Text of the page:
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Phrase "Soon Before" Section 304B IPC Cannot Mean 'Immediately Before': Supreme Court Issues Guidelines For Trial In Dowry Death Cases

LIVELAW NEWS NETWORK
28 May 2021 2:02 PM GMT
Phrase Soon Before Section 304B IPC Cannot Mean Immediately Before: Supreme Court Issues Guidelines For Trial In Dowry Death Cases
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The Supreme Court observed that the phrase "soon before" as appearing in Section 304-B of the Indian Penal Code cannot be construed to mean 'immediately before'.The prosecution must establish existence of "proximate and live link" between the dowry death and cruelty or harassment for dowry demand by the husband or his relatives, the bench comprising CJI NV Ramana and Aniruddha Bose observed....

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The Supreme Court observed that the phrase "soon before" as appearing in Section 304-B of the Indian Penal Code cannot be construed to mean 'immediately before'.

The prosecution must establish existence of "proximate and live link" between the dowry death and cruelty or harassment for dowry demand by the husband or his relatives, the bench comprising CJI NV Ramana and Aniruddha Bose observed.

The court also observed that Section 304­B, IPC does not take a pigeonhole approach in categorizing death as homicidal or suicidal or accidental.

The bench observed thus while dismissing the appeal filed by accused who were convicted under Section 304B IPC. Section 304B (1) provides that 'dowry death' is where death of a woman is caused by burning or bodily injuries or occurs otherwise than under normal circumstances, within seven years of marriage, and it is shown that soon before her death, she was subjected to cruelty or harassment by her husband or any relative of her husband, in connection with demand for dowry.  

The accused contention was that the prosecution failed to prove that there was a demand for dowry and assuming there was one, it failed to prove that the demand was made proximate to the death of the deceased­-victim.

This made the court to look into interpretation of Section 304­B, IPC relates to the phrase "soon before".

"Being a criminal statute, generally it is to be interpreted strictly. However, where strict interpretation leads to absurdity or goes against the spirit of legislation, the courts may in appropriate cases place reliance upon the genuine import of the words, taken in their usual sense to resolve such ambiguities.", the court said.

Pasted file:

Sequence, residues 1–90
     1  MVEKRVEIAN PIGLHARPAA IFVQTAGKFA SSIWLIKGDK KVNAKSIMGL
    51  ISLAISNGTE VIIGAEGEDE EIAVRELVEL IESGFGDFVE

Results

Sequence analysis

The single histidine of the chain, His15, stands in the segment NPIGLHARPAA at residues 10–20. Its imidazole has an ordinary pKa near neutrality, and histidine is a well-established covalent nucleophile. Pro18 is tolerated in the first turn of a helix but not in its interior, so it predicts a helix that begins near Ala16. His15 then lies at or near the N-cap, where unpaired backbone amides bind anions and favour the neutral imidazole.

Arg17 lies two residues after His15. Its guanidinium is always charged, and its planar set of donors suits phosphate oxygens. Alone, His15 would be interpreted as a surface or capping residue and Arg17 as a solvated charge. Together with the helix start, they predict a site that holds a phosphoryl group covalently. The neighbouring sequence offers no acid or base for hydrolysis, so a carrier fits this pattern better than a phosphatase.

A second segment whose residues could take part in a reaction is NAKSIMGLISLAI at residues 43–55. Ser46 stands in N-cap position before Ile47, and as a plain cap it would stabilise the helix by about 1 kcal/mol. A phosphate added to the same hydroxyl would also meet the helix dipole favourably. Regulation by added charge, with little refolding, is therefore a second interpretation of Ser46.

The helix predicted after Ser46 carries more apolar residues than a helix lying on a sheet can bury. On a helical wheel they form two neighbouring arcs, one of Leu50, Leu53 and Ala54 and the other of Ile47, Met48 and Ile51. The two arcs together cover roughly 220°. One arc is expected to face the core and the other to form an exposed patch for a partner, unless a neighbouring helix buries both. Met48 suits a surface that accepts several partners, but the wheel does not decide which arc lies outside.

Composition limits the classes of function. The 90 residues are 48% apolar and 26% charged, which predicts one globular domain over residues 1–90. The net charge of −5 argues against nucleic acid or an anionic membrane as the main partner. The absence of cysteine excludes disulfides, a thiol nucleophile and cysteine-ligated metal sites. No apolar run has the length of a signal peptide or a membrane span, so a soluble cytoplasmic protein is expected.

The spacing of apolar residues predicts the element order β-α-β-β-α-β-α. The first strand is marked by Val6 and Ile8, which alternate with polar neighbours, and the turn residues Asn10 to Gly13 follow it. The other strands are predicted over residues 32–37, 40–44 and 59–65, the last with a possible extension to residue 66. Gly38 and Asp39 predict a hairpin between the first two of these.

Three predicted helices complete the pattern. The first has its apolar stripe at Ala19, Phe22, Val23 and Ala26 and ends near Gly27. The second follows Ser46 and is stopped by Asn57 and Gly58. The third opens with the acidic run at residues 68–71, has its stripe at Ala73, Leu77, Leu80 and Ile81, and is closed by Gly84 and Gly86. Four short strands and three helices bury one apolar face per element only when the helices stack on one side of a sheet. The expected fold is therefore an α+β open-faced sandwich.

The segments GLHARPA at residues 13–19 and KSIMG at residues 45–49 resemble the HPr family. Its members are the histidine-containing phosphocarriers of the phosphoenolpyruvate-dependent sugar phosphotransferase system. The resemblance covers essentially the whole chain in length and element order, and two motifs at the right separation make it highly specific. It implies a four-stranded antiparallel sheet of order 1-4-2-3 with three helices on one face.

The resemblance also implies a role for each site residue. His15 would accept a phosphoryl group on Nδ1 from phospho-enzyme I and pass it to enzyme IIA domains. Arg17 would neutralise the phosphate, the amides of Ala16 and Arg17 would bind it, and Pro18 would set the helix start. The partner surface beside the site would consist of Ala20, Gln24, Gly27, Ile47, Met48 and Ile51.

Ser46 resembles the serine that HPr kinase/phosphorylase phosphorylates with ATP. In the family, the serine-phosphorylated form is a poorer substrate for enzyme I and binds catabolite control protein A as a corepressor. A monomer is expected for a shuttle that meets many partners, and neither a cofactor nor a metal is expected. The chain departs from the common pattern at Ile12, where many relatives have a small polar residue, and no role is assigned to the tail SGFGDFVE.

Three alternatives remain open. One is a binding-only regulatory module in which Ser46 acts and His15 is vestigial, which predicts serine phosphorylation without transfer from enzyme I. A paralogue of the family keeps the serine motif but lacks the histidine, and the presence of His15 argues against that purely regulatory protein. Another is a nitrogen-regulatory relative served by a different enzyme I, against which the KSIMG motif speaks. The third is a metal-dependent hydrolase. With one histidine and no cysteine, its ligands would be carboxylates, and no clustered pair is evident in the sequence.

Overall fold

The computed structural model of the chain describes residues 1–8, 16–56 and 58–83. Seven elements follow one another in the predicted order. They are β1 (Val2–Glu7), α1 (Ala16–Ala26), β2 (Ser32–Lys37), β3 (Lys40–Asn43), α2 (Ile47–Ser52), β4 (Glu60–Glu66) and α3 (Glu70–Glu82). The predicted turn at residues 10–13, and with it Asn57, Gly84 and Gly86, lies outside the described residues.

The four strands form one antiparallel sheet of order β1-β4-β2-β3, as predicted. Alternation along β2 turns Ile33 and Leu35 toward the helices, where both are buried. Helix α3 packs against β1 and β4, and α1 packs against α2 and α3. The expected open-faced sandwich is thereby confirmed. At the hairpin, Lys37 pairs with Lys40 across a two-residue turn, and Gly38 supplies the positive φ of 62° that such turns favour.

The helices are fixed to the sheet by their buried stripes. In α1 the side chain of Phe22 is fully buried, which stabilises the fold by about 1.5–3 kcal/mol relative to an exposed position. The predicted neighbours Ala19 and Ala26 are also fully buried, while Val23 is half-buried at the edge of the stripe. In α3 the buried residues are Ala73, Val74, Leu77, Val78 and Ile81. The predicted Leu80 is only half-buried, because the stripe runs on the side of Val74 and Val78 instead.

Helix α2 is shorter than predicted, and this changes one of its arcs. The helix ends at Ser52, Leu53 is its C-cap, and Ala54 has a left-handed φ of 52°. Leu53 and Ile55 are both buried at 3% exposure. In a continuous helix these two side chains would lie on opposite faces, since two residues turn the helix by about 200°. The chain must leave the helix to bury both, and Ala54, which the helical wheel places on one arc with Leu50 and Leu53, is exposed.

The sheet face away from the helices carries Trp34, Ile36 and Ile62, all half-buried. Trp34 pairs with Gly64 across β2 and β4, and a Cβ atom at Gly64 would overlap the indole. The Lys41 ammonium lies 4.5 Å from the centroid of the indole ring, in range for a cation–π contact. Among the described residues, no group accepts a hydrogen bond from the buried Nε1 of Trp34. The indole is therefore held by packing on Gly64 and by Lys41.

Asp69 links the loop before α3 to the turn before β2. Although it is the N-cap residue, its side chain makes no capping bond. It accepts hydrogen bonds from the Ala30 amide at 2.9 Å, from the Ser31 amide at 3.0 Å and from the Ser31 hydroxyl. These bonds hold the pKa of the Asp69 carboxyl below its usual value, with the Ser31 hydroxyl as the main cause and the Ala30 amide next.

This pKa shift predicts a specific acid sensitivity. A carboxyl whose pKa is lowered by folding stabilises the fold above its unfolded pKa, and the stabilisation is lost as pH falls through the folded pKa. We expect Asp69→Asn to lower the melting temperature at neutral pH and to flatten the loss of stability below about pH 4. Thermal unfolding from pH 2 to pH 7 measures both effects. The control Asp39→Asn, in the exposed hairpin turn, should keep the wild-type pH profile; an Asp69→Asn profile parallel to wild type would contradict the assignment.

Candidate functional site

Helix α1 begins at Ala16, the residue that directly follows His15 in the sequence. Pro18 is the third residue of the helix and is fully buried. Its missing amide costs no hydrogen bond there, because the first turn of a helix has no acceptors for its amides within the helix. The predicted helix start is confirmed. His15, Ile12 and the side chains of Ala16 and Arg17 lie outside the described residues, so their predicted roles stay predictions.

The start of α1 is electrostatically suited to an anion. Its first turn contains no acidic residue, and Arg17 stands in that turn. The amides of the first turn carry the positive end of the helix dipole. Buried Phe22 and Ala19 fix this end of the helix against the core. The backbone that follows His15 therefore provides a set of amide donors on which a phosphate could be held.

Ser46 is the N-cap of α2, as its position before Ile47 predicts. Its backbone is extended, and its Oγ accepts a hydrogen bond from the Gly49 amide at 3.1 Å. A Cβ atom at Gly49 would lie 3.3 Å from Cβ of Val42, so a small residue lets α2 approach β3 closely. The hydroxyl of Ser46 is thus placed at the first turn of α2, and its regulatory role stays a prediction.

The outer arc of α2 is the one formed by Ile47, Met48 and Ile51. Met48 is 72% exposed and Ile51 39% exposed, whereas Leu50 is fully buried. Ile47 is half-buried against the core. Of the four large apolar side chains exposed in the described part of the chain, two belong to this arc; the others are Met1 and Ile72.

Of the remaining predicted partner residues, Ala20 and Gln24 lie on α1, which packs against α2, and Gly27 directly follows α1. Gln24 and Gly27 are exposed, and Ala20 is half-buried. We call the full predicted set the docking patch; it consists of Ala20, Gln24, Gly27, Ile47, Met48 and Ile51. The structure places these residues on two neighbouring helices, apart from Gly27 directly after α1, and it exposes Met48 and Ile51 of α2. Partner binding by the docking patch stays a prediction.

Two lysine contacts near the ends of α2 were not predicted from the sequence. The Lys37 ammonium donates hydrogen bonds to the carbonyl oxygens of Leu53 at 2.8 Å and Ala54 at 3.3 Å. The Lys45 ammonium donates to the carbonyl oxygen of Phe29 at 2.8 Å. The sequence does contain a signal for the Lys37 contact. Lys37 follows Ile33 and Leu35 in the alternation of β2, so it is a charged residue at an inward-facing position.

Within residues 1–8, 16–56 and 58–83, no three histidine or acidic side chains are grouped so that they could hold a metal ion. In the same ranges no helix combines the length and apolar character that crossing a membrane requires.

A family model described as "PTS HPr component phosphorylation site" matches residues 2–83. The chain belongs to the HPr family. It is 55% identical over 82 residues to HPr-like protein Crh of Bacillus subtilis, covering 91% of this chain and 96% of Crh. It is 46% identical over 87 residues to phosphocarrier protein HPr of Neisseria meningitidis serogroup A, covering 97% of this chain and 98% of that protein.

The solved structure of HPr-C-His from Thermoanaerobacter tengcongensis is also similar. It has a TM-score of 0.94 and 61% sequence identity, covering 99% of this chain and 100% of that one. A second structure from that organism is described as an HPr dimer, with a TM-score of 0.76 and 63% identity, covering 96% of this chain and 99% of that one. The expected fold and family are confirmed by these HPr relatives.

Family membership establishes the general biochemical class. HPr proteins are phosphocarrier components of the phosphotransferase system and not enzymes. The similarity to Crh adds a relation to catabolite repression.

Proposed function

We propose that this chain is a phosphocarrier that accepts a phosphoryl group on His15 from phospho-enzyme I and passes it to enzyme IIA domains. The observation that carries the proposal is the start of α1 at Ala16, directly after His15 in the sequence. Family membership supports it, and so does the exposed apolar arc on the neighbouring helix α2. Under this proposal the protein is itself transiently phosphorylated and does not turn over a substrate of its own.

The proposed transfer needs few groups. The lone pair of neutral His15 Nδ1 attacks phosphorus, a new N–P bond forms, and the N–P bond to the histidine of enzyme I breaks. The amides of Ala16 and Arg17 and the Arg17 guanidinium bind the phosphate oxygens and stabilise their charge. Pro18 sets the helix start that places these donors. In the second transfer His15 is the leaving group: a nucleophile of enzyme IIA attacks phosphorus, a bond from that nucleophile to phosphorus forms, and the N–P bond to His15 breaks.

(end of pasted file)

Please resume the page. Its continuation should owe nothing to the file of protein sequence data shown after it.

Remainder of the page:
To determine the intention of the legislature behind the inclusion of Section 304­B, IPC, the court discussed the legislative history of this Section and observed:

"14. Considering the significance of such a legislation, a strict interpretation would defeat the very object for which it was enacted. Therefore, it is safe to deduce that when the legislature used the words, "soon before" they did not mean "immediately before". Rather, they left its determination in the hands of the courts. The factum of cruelty or harassment differs from case to case. Even the spectrum of cruelty is quite varied, as it can range from physical, verbal or even emotional. This list is certainly not exhaustive. No straitjacket formulae can therefore be laid down by this Court to define what exacts the phrase "soon before" entails."

The court noted that similar view has been expressed in Kans Raj v. State of Punjab, (2000) 5 SCC 207 and Rajinder Singh v. State of Punjab, (2015) 6 SCC 477.

"15. Therefore, Courts should use their discretion to determine if the period between the cruelty or harassment and the death of the victim would come within the term "soon before". What is pivotal to the above determination, is the establishment of a "proximate and live link" between the cruelty and the consequential death of the victim.", the court said.

Once all the essential ingredients are established by the prosecution, the presumption under Section 113­B, Evidence Act mandatorily operates against the accused.

The court added that when the prosecution shows that 'soon before her death such woman has been subjected by such person to cruelty or harassment for, or in connection with, any demand for dowry', a presumption of causation arises against the accused under Section 113­B of the Evidence Act. Thereafter, the accused has to rebut this statutory presumption, it said.

"18. Therefore, once all the essential ingredients are established by the prosecution, the presumption under Section 113­B, Evidence Act mandatorily operates against the accused. This presumption of causality that arises can be rebutted by the accused.
19. The usage of rebuttable presumption of causality, under Section 113­B, Evidence Act, creates a greater responsibility on Judges, defense and prosecution. They need to be extra careful during conducting criminal trials relating to Section 304­B, IPC. In order to address this precarious situation, procedural law has some safeguards, which merits mentioning herein.", the court observed.

Section 304­B, IPC does not take a pigeonhole approach in categorizing death as homicidal or suicidal or accidental,